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Today we're excited to announce that official CoreOS images are available on Google Compute Engine. This means it's now even easier to spin up a CoreOS cluster on GCE using the API or from the command line. Adding an instance is as simple as:

The etcd team has been focused on making it easier to scale and manage larger clusters, and is happy to announce a release with features to help: etcd v0.4.0. This release is an important step in our road to 1.0. (If you are new to etcd, our getting started guide can give you a quick overview of the project).

Update: Vulcand has been updated since this post was written. Jump to https://github.com/vulcand/vulcand for more info. You can follow the concepts of this post, but the commands are no longer up to date.

Running a distributed system across many machines requires a sophisticated load balancing mechanism that can reconfigure itself quickly and reliably.

After 150 releases and 9 months in alpha, we are excited to announce the first CoreOS beta. Starting today, we will be releasing both alpha and beta versions of CoreOS. The beta means you can expect CoreOS itself to not change in any significant way, and it should be considered close to production-ready.

The beta includes a new feature, Locksmith, giving you control over the CoreOS update process, as well as a variety of bug fixes and feature enhancements.

When you're first exposed to a distributed platform like CoreOS, running a development environment that is complex enough to match production seems like an impossible task. This article is going to show you how convienient it is run a small CoreOS cluster on your local machine with Vagrant that will mirror the way your production machines are set up.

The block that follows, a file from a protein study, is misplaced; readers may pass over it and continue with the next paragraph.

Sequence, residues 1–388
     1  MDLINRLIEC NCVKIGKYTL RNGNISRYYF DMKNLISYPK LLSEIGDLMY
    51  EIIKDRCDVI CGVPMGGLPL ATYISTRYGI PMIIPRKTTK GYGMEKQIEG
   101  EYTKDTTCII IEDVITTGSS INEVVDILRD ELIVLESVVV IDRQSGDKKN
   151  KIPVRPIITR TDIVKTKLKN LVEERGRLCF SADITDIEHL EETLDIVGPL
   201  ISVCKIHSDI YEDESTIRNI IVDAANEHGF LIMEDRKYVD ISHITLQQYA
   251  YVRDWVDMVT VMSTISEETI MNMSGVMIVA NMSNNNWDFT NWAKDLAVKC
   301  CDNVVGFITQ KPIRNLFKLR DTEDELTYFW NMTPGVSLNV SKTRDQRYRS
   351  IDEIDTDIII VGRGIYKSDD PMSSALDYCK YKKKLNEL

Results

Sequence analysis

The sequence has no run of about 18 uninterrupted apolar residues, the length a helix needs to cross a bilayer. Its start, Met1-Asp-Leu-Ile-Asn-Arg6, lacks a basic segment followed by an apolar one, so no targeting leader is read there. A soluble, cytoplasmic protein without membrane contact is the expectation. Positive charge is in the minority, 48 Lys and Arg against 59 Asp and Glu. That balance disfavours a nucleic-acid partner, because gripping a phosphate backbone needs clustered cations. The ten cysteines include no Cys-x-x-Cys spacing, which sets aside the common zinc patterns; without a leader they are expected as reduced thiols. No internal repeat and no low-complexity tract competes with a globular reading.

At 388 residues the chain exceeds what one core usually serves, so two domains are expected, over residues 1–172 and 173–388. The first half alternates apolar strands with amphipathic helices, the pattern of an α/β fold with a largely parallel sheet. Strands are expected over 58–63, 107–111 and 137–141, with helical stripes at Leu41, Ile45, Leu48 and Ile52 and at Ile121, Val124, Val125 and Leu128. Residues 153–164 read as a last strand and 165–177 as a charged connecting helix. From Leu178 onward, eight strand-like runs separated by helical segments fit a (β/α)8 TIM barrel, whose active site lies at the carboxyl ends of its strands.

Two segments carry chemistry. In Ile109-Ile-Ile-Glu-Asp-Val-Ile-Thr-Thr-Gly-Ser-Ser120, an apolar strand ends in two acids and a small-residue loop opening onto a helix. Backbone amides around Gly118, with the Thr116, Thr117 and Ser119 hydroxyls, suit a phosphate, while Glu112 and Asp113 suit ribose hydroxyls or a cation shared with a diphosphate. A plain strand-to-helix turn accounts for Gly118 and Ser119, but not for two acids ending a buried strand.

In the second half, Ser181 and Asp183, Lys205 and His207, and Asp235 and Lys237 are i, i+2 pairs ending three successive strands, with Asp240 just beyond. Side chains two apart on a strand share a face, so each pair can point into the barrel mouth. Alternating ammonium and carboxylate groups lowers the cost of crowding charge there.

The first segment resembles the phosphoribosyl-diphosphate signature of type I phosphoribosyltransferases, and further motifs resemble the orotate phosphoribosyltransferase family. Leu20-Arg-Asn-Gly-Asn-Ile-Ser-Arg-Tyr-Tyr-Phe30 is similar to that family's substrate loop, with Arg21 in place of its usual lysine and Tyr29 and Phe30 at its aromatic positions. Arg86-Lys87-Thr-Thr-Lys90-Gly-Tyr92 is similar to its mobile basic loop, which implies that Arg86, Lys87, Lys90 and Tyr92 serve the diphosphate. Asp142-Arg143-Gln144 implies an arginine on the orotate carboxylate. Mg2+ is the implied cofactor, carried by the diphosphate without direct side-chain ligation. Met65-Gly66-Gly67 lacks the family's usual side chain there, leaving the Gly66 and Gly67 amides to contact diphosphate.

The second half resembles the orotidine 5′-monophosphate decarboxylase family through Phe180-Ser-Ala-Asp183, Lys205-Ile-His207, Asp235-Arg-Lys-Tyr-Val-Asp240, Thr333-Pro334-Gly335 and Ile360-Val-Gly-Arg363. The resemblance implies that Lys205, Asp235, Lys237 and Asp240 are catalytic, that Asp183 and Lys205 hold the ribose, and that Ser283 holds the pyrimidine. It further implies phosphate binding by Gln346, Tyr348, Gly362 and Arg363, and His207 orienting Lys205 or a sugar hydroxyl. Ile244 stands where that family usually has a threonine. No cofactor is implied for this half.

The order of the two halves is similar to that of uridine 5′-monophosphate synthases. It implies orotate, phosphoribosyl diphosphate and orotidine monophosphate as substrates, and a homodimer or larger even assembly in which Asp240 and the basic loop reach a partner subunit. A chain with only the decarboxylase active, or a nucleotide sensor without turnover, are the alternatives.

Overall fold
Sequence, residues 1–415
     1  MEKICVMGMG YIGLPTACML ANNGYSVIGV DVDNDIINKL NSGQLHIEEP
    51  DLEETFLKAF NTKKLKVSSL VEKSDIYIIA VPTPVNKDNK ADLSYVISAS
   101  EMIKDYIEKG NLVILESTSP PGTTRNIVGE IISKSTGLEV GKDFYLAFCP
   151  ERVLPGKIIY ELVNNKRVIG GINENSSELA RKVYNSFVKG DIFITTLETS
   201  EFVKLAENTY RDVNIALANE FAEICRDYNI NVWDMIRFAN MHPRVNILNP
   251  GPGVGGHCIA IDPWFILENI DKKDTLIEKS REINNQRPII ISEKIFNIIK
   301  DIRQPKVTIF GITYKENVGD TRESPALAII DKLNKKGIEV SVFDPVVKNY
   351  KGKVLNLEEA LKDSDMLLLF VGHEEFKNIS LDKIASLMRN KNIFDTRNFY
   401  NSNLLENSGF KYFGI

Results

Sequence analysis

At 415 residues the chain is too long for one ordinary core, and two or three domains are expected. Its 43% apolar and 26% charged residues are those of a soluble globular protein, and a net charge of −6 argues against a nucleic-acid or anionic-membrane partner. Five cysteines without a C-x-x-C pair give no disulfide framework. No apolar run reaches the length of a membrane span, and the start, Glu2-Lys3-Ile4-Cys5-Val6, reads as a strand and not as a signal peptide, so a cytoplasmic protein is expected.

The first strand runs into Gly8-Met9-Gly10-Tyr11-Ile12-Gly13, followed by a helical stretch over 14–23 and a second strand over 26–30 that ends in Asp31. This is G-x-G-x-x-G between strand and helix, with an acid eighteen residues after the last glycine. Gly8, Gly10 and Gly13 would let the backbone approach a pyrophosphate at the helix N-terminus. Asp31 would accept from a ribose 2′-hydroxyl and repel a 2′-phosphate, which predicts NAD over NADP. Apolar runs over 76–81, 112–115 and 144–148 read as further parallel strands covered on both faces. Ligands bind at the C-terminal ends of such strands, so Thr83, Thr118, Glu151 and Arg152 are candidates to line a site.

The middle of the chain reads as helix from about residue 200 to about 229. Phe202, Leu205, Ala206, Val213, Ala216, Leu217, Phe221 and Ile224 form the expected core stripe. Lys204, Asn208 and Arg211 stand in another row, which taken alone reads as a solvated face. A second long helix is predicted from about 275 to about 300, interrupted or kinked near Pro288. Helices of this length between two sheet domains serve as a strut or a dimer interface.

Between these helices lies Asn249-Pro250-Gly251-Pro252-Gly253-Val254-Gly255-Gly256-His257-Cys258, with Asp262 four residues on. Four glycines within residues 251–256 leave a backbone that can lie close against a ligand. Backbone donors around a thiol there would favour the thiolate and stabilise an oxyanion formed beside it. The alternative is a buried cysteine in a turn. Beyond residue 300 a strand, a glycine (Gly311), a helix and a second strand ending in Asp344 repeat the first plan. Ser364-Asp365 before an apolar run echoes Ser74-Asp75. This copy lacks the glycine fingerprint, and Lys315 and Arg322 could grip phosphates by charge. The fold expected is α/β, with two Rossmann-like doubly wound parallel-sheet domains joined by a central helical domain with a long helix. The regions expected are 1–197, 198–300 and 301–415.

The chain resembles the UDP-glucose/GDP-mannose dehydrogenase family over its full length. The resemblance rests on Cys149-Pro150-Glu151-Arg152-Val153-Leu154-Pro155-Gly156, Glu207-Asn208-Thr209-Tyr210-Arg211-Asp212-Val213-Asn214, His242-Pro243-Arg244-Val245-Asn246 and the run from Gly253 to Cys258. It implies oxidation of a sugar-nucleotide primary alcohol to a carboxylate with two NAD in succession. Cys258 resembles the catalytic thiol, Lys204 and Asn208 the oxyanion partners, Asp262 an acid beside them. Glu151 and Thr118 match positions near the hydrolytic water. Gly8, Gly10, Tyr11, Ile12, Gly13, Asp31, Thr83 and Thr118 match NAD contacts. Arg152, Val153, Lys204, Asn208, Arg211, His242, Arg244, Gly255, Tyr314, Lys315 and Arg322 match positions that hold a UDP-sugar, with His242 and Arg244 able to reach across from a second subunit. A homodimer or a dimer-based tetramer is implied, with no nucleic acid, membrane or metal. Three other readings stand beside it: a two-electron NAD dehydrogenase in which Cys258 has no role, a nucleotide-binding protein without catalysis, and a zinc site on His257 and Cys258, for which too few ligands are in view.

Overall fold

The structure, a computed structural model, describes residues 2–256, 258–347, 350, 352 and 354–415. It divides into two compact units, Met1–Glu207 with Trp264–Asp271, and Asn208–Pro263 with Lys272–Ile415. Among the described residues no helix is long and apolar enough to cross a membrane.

Over the last few months the extent of community involvement and adoption of etcd has surpassed all our expectations. We wanted to take this opportunity to share with the wider community our plan for the ongoing development of etcd.

We want etcd to be a stable base for you to build distributed systems that are resilient to failures. Users of etcd should find things consistent and predictable, and client libraries should not need to be updated for years. In short, we need to get to 1.0, and this is clearly not where etcd is today.

We locked the CoreTeam in a house for a week to make this release extra special. Here are all the new features:

The ambassador pattern is a novel way to deploy sets of containers that are configured at runtime via the Docker Links feature.

As of version 210, systemd now includes support for basic network configuration through udev and networkd. CoreOS sponsored the development of networkd. It will soon be available in CoreOS, so we would like to take the opportunity to introduce some of its features.

Today I'd like to introduce our latest project, fleet. fleet builds on etcd and systemd to provide a distributed, fault-tolerant platform for deploying applications on CoreOS clusters.

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